How to Use a Rope Thimble Clamp Set

by Will Charpentier

When you need to put a temporary loop in the end of a length of wire rope, in order to attach a hook or shackle, then install a thimble using a thimble and clamp kit. The thimble is a strip of metal bent so that it resembles a pear in profile. The thimble protects the wire rope from chafing against the hook or the shackle. The clamps secure the end of the wire rope to the rope's main body, holding the thimble in place.

1. Remove the loosely-attached nuts by hand from the U-bolt of one of the clamps. Slide the roddle -- the saddle-like attachments to the U-bolt that makes up the rest of the clamp -- off the U-bolt, to have it ready to install quickly.

2. Wrap the end of the wire rope around the thimble. Make sure that the the end of the wire rope extends far enough past the end of the thimble to install two clamps.

3. Pick up one of the clamp U-bolts and slip it down over the end of the wire rope you just wrapped over the thimble. Make sure the clamp is as close to the tip of the thimble as possible.

4. Slide one of the roddles onto the U-bolt. Thread the nuts onto the ends of the U-bolt. Tighten them securely with an adjustable wrench. Attach additional clamps as necessary -- one for every 1/4 inch of the rope's diameter.

Items you will need

  • Adjustable wrench
  • Leather gloves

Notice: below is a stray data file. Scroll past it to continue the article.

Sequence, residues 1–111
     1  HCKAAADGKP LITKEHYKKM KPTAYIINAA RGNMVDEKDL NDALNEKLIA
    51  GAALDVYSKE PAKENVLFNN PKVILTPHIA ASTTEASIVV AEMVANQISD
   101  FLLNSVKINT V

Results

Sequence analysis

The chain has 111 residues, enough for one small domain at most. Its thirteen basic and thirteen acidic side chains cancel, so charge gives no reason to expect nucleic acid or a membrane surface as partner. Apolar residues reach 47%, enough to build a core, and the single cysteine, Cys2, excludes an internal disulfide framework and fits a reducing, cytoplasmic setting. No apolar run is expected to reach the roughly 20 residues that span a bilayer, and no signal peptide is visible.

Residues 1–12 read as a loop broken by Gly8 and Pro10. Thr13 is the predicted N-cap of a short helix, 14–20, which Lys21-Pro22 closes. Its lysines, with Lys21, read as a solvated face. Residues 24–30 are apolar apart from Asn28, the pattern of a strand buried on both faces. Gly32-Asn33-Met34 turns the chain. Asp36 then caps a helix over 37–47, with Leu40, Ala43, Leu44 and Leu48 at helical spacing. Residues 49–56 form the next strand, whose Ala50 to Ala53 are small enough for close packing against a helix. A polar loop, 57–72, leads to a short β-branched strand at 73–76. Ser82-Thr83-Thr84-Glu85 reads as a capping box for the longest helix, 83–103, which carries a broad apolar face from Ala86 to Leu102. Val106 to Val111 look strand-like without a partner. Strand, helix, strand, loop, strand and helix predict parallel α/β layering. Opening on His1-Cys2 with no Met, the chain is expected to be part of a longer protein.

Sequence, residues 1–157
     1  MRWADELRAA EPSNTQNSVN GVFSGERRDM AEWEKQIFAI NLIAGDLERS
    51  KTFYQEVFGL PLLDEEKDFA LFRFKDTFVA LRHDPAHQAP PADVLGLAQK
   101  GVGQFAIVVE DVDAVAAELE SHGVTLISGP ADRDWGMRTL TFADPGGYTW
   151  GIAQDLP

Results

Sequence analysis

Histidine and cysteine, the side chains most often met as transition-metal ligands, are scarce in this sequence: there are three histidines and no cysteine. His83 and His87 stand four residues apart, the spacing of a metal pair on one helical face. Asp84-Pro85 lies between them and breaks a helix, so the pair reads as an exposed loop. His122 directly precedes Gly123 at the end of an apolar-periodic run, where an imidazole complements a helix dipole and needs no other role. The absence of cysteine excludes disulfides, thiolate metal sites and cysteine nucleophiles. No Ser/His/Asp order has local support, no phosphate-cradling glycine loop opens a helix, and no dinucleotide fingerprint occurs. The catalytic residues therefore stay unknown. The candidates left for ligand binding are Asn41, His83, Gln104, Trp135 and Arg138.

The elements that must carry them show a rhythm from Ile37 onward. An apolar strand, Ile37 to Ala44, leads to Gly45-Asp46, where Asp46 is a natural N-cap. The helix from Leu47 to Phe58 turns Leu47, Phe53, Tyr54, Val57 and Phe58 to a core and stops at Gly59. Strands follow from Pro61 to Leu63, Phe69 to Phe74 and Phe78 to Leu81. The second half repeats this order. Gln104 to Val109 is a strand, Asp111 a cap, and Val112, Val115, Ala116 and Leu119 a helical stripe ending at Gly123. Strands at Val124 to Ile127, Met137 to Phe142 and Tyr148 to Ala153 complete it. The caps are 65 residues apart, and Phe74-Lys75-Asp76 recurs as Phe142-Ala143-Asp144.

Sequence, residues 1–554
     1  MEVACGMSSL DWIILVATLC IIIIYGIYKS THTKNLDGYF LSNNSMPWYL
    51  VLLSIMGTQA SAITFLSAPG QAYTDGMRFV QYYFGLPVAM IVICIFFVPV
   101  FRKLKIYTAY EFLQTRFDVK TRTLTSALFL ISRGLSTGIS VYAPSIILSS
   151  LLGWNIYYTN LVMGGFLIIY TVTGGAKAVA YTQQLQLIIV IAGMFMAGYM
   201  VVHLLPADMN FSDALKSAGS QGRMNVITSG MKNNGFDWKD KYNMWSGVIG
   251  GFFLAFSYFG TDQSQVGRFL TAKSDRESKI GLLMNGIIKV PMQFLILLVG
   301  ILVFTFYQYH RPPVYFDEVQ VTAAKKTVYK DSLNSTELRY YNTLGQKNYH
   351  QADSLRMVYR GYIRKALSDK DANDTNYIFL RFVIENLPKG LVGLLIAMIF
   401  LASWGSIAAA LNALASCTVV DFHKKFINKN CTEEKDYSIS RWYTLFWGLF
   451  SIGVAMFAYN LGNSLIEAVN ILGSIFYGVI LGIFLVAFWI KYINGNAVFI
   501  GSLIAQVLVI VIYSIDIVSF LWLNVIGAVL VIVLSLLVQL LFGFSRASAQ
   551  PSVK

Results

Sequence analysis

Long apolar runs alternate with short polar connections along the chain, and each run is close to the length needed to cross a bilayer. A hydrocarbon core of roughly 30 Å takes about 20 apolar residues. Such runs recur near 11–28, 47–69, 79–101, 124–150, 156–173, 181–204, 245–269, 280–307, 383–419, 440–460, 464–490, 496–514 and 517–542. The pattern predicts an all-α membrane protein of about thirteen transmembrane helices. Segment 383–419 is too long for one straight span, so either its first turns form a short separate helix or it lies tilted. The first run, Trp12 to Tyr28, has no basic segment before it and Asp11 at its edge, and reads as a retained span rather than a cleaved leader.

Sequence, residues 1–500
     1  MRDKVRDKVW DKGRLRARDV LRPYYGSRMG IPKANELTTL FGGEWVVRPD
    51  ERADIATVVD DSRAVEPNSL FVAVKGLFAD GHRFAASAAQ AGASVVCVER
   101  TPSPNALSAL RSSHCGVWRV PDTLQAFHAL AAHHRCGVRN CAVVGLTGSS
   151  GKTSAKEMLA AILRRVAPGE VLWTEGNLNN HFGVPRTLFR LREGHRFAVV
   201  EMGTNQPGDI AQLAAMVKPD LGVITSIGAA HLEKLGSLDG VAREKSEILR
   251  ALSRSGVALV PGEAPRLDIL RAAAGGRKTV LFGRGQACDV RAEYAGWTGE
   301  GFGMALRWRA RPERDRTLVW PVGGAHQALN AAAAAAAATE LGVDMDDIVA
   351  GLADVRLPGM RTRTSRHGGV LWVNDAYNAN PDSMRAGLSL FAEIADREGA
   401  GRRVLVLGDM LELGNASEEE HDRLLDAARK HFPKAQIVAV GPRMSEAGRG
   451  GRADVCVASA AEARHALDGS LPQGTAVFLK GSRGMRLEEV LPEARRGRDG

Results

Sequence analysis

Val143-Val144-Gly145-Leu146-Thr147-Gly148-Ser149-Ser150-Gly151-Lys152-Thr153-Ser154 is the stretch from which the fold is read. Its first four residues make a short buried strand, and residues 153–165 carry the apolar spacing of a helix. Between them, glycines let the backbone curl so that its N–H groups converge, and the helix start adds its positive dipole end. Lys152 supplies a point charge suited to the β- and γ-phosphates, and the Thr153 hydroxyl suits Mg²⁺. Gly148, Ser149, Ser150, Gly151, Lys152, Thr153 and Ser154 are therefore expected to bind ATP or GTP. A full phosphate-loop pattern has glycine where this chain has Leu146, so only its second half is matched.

• Long sleeves
  • Long pants
  • Safety glasses


  • Always install at least two clamps.
  • Apply one clamp per 1/4 inch of diameter, with a minimum of two clamps, on wire rope. For example, (1/2) / 1/4 = 2 clamps; (1) / 1/4 = 4 clamps.
  • The correct spacing for clamps is calculated by multiplying the diameter of the rope by 6; the result is the number of inches between clamps. For example, 1/2 x 6 = 3, or 3 inches between clamps.
  • The number stamped on the roddle is the size of rope the clamp is intended for.


  • Wear leather gloves, long sleeves and pants, and safety glasses when working with wire rope.

About the Author

Will Charpentier is a writer who specializes in boating and maritime subjects. A retired ship captain, Charpentier holds a doctorate in applied ocean science and engineering. He is also a certified marine technician and the author of a popular text on writing local history.